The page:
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TexSelect 2018: Meet the Judges, Michael Angove

12 June 2018 by Nina Webb in Alumni Stories, Fashion, Features, Home, Interiors & Auto

Fine artist and textile designer Michael Angove talks about British gardens, the phoenix mentality, and how to make it as a new designer. Michael joins the TexSelect 2018 judging panel in July to select this year’s prize winners.

Welsh-born Michael Angove is the personification of his minimalist-meets-maximalist aesthetic. Just after offering a critical analysis of the design industry today, he launches into a lively story about how a scorpion once landed on his leg in Italy. As fate would have it, he’s a Scorpio himself, so he resolved to include the exotic creature, within a British landscape, in his own designs. “I’m very much an extension of my work,’ he explains. ‘My designs are flamboyant and fun – but my fine art work is much more cerebral; sometimes witty, sometimes quiet.”

Michael’s drawings developed for bespoke soft furnishings…

He’s a TexSelect veteran – initially participating when he graduated with a BA from Winchester in 1995, and again after his Royal College of Art MA in 2000. Since then, Michael has collaborated with a broad variety of brands from Agent Provocateur to Jo Malone London, producing larger-than-life chinoiseries, which always feature a hidden surprise. In 1995, he scooped the Liberty Print Prize, as well as the Marks & Spencer Breaking New Ground prize, which gave him excellent recognition, but, most importantly, led to his meeting people he’s still friends with today. While spending some time living in Italy, Michael worked for Jean Paul Gaultier and Hugo Boss before returning to England, being talent spotted by Liberty, and founding his own company. He sells his hand-drawn fine art worldwide from Hong Kong to Miami and now resides in the Wiltshire countryside, taking an occasional break from his busy work schedule to walk his Jack Russell, Audrey.

Michael’s maximalist designs are full of colour and life, whether it’s the brilliant red of roses set against a pink background in his Jo Malone packaging, or the chinoiserie of a fir tree crossed with Berberis thorn for his Agent Provocateur wallpaper. The idea of hiding something in his designs so that they tell a story – “like leaving a little breadcrumb trail” – was born out of creating wallpaper. “I wanted to have a wallpaper people didn’t get bored with… so I hid into it the beak of a bird or antenna of a bug… People phone me up two years later, and say, ‘I just found this incredible beetle on my wallpaper that I’ve never seen before!’ ”

Packaging for international beauty brand Jo Malone

His minimalist artwork, meanwhile, is influenced by his Welsh upbringing in the coastal town of Barry, an “honest, and humble and simple existence”, as he puts it. He’s currently working on a solo show of drawings of simple, Georgian articles to be exhibited in November – from sugar crushers to brooches. “This isn’t just an ordinary sugar crusher made out of glass… it’s 200 years old, it might have fed 100 people or 1000, who knows?” he muses. He wants his drawings, like his textile designs, to tell a story.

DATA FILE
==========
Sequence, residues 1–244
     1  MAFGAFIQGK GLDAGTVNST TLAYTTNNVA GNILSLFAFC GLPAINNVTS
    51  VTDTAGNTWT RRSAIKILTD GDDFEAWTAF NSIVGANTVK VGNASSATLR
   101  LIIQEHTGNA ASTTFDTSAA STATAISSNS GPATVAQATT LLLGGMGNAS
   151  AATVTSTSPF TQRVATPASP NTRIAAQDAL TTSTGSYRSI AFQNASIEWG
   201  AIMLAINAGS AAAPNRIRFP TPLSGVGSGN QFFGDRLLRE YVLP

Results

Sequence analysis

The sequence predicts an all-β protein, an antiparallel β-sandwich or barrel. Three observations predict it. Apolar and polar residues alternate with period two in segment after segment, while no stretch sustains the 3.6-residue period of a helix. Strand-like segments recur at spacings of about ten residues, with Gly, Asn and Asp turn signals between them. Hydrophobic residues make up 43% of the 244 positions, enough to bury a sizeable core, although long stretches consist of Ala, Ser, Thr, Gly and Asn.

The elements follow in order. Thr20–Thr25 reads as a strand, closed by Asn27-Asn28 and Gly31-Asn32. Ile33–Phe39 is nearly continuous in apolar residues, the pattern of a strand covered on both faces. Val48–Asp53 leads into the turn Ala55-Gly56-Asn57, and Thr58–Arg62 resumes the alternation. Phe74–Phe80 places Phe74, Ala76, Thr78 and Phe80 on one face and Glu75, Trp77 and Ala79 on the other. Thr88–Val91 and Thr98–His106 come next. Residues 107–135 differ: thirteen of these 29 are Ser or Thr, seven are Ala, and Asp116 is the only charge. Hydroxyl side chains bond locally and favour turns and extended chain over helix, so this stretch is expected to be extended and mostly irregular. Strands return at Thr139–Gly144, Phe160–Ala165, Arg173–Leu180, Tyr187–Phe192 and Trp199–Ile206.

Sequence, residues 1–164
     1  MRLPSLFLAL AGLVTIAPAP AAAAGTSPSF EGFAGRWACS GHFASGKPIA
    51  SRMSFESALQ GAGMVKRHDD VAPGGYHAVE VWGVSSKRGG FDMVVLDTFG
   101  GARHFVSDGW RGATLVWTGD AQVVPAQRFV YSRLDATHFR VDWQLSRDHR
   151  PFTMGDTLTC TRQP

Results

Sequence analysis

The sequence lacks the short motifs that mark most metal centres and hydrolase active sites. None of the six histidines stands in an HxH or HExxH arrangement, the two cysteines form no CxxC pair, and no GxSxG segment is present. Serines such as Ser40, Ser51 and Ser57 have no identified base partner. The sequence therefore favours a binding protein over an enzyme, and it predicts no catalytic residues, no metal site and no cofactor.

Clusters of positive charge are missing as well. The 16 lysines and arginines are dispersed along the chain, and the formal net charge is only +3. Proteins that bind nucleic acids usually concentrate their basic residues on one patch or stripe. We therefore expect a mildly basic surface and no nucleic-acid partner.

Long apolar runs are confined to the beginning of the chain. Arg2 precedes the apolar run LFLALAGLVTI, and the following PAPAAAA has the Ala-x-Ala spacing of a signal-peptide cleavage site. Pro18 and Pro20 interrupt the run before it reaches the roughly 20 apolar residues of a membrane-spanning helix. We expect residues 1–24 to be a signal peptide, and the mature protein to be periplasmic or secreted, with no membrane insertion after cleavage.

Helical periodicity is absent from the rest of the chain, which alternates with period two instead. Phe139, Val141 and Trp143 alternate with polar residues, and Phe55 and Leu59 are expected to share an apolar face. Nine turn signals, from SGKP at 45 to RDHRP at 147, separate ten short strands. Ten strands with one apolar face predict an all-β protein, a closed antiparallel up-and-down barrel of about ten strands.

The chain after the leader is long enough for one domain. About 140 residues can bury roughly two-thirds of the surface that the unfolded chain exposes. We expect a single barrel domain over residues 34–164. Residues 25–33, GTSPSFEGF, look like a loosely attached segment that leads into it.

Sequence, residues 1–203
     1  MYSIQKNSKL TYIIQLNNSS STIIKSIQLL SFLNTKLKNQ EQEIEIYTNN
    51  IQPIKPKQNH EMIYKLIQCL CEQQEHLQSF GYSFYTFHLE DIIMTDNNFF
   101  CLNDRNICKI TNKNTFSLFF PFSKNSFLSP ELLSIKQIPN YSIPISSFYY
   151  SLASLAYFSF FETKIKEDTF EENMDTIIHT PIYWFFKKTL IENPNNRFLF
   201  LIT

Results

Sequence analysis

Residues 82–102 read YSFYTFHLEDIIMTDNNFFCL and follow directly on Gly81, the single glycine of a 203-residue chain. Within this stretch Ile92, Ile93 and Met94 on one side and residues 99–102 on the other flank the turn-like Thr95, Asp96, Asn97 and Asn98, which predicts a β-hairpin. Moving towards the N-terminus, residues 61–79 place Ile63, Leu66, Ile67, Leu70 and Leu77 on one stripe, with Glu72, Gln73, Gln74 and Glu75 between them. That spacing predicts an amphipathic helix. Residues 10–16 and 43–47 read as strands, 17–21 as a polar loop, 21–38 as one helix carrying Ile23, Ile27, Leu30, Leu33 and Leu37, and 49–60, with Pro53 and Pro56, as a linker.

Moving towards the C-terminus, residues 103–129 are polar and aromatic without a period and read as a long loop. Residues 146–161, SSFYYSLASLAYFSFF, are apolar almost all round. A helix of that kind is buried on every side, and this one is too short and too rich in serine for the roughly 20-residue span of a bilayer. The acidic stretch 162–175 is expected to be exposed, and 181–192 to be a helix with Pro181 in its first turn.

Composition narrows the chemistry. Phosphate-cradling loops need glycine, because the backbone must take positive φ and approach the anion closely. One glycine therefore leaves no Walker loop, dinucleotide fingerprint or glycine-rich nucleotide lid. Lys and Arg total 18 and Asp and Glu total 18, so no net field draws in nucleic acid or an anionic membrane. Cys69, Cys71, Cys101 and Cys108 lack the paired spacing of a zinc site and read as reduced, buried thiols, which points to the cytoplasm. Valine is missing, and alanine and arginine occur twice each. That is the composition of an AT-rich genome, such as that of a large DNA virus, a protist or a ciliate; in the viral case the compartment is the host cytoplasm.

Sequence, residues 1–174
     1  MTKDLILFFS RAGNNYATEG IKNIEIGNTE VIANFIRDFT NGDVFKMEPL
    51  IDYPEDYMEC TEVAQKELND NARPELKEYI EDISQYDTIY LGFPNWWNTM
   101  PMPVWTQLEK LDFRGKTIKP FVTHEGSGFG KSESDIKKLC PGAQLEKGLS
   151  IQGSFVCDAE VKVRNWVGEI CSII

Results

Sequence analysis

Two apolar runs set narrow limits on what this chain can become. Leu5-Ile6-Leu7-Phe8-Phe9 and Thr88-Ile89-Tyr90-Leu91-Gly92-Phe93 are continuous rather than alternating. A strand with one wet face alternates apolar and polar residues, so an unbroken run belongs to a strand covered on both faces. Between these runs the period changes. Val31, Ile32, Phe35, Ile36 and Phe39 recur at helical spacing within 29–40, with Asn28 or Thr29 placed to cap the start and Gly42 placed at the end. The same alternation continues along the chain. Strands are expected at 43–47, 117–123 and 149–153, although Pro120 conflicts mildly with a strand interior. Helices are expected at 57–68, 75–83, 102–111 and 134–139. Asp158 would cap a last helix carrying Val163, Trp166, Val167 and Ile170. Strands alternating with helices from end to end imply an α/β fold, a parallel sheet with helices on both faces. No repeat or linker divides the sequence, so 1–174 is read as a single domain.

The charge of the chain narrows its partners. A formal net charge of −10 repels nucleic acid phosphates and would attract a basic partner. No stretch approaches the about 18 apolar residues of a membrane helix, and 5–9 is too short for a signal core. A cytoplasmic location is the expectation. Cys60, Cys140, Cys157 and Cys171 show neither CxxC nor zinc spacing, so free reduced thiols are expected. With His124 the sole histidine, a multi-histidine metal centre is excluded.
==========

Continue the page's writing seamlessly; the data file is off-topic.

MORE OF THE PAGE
Michael’s fine art drawings…

Michael is inspired by those, like him, who “have got that strange, quirky, British sense of individual design and style.” They include Elizabeth Blackadder, a Scottish watercolourist, as well as Grayson Perry and Alexander McQueen. “There’s definitely a sense of Britishness in my own designs… I always refer back to this moment in my childhood, playing in the garden and climbing up lilac trees, finding bird’s nests and butterflies. My design work is hugely inspired by British gardens, as they’re unlike any other gardens in the world.”

Michael Angove wall coverings developed with Surface View…

His BA in textile design was very analogue. “I just had a pot of paint anda toolkit of materials. By the time I did my MA at the Royal College of Art, digital designing had really come on board… everything I did at the Royal was 100% digital.” Judging by his process, starting with 3D scans of flowers or insects – often found in his own garden – you wouldn’t have thought that he’d ever had any trouble with technology. “Back in the day, at the RCA, we had to be taught how to switch on a computer… I learned to crawl, drawing, and then learned how to run, being on a computer.”

The RCA’s logo is a phoenix, and the “rising from the ashes” idea has influenced Michael personally. “It’s that kind of mentality that you can always do better, that you can always revisit your work. That’s a part of me now, as well.”

What advice would Michael offer to young designers today? “Persevere. And try everything… digital and analogue are two different worlds, but every good designer needs a balance of both of them.” And, most importantly, he says, know your value. “Really, good design affects everything. It’s the car you drive, it’s the clothes you wear, it’s the ergonomics of the toothbrush that you use in the morning… Right now, there’s a lack of understanding about it. But we’re here to change that.”

Michael’s drawing used for a collaboration with Swedish brand, Jamida…

Michael Angove wall coverings developed with Surface View for Agent Provocateur…


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